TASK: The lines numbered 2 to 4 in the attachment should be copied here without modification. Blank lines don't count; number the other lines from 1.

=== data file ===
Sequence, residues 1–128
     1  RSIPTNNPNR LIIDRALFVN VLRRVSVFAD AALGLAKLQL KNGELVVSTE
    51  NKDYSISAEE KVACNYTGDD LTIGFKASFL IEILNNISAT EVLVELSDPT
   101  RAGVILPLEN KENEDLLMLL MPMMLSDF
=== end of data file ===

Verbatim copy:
     1  RSIPTNNPNR LIIDRALFVN VLRRVSVFAD AALGLAKLQL KNGELVVSTE
    51  NKDYSISAEE KVACNYTGDD LTIGFKASFL IEILNNISAT EVLVELSDPT
   101  RAGVILPLEN KENEDLLMLL MPMMLSDF